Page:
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Components of an Off-Grid Solar Power System

A basic overview of the components needed for an off-grid (or stand-alone) system.

Are you considering installing an off-grid solar power system? We’re taking a closer look at the components of off-grid solar systems, breaking down the purpose of each piece and helping you better understand what you’ll need to get started.

What is an Off-Grid Solar Power System?

First, a brief review of what off-grid solar power systems are and how they function:

An off-grid solar system is what its name suggests – a solar energy system that provides freedom from the utility grid. Because this type of solar system has no connection to the grid, it must be equipped with the necessary components to generate and store all of the electricity you need to power your home.

Off-grid solar is an ideal option for small and mid-sized homes and vacation properties, cabins, and similar structures, but not usually suited for properties with high energy demands (such as commercial buildings).

What Components Are Used in an Off-Grid Solar Power System?

The main components of an off-grid solar power system are:

Solar Panels

Solar panels are the most recognizable part of any solar energy system. They are also called photovoltaic (PV) panels because they use the photovoltaic effect to convert energy from sunlight into usable electricity.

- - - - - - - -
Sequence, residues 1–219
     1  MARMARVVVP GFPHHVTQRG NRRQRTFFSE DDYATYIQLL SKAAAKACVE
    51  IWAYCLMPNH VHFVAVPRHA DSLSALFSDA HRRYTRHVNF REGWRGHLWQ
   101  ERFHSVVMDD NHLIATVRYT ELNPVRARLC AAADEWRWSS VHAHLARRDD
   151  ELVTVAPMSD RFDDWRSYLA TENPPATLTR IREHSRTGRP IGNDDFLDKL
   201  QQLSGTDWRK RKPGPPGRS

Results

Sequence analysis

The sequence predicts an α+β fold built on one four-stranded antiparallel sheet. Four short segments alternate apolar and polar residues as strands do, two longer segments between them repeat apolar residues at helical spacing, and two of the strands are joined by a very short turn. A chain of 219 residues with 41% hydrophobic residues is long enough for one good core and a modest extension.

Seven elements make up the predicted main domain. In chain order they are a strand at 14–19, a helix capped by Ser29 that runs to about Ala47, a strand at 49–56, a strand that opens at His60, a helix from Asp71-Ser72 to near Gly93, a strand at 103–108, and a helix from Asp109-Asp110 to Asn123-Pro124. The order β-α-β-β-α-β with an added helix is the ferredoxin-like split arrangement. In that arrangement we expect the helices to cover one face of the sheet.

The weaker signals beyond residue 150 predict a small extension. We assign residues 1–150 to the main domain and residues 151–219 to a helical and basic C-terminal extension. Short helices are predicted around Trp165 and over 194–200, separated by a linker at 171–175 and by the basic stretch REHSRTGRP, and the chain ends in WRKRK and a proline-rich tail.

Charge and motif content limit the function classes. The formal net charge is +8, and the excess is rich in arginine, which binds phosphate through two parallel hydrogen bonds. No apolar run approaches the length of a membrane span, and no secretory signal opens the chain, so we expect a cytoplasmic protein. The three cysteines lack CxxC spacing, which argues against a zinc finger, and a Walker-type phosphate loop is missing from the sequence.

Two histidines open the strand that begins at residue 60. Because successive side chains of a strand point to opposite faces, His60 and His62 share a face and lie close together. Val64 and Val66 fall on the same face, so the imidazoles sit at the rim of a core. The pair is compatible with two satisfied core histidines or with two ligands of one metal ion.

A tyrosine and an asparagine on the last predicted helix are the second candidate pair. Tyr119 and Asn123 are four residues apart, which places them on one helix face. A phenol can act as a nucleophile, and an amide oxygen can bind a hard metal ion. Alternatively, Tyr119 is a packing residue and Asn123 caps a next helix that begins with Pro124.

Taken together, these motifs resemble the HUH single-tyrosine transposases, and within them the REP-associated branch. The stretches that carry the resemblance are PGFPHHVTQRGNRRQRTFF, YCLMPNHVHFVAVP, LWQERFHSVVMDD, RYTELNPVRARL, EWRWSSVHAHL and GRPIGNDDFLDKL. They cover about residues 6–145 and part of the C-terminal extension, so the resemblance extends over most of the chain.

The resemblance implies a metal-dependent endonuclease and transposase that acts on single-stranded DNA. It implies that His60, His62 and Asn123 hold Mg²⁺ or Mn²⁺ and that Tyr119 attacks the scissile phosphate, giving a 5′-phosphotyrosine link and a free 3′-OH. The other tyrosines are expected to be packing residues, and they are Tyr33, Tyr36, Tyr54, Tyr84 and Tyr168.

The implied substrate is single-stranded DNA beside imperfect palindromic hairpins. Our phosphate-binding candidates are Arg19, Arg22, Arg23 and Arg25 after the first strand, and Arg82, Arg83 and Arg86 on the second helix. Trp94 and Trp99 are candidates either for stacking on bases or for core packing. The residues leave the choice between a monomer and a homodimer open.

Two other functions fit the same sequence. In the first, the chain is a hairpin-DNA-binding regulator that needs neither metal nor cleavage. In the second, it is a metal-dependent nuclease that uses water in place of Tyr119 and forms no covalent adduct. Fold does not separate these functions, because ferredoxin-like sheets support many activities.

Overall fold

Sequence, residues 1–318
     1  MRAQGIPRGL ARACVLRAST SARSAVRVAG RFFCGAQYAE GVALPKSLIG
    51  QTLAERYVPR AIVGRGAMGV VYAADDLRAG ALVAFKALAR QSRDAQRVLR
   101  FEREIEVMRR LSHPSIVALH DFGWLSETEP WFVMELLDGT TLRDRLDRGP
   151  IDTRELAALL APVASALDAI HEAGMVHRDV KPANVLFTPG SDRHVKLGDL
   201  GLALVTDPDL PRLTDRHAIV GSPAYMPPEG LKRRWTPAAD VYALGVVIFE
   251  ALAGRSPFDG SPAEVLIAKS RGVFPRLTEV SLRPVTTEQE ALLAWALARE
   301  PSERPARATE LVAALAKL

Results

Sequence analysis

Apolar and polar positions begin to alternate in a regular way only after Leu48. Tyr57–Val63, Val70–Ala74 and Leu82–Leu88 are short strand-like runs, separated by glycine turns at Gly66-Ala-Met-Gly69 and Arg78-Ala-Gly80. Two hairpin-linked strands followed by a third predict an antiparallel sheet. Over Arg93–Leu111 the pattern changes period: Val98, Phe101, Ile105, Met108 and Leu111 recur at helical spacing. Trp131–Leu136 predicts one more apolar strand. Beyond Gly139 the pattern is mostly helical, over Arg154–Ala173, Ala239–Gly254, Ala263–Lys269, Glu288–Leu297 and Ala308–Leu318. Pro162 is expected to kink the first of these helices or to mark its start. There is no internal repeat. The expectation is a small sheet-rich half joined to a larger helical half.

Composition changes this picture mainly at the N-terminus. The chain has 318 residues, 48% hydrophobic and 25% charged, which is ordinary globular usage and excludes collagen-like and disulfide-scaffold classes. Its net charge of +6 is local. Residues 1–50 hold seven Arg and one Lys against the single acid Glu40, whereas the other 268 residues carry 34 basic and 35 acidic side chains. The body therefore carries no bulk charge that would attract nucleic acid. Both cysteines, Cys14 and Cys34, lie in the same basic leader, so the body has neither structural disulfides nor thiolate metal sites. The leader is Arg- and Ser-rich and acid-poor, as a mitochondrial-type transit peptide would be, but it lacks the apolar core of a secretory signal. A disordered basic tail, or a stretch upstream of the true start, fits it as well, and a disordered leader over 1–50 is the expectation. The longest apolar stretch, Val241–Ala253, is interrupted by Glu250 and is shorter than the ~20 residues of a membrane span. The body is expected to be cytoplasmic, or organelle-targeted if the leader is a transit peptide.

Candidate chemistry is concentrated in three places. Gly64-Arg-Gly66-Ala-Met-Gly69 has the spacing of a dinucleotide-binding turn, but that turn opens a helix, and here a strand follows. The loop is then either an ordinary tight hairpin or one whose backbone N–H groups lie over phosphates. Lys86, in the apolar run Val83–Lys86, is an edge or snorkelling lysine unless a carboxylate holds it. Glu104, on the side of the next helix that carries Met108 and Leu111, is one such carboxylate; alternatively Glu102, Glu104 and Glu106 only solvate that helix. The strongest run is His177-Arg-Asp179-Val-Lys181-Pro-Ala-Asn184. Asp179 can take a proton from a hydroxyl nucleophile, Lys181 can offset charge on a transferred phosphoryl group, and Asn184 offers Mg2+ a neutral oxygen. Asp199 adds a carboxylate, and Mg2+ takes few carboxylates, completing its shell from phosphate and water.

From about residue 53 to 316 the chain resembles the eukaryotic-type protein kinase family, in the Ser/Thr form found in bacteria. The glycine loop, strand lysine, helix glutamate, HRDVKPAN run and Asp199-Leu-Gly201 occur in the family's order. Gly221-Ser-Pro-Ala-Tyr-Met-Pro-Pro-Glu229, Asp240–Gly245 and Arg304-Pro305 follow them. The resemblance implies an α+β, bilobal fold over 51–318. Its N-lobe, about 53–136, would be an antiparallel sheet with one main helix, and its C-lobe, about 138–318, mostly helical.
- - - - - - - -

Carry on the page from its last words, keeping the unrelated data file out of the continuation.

There are three main types of solar panels: monocrystalline, polycrystalline (or multi-crystalline), and thin-film. All three types are made up of a collection of individual solar cells (the distinct square shapes visible on the front of the panel). Most solar panels available today are made up of either 60 or 72 cells (sometimes labeled as 120 or 144 “half-cut” cells). There isn’t much difference in performance between the three solar panel types, so choosing the best solar panels for an off-grid system is a matter of personal preference about how they look and their power output rating (in Watts).

The solar panels are physically mounted on a solar panel mount structure, and the DC power they produce is wired through the charge controller before it goes on to the battery bank, where it is stored.

See our Intro to Solar Panels video series for more detailed information on solar modules.

Charge Controller(s)

A charge controller manages the energy flow between the solar panels and the battery.

The two main functions of a charge controller are to:

  • Prevent the battery from being overcharged
  • Eliminate any reverse current flow from the batteries back to the solar modules at night

There are two types of charge controllers:

  • MPPT (Maximum Power Point Tracking)
  • PWM (Pulse Width Modulation)

PWM Solar Charge Controllers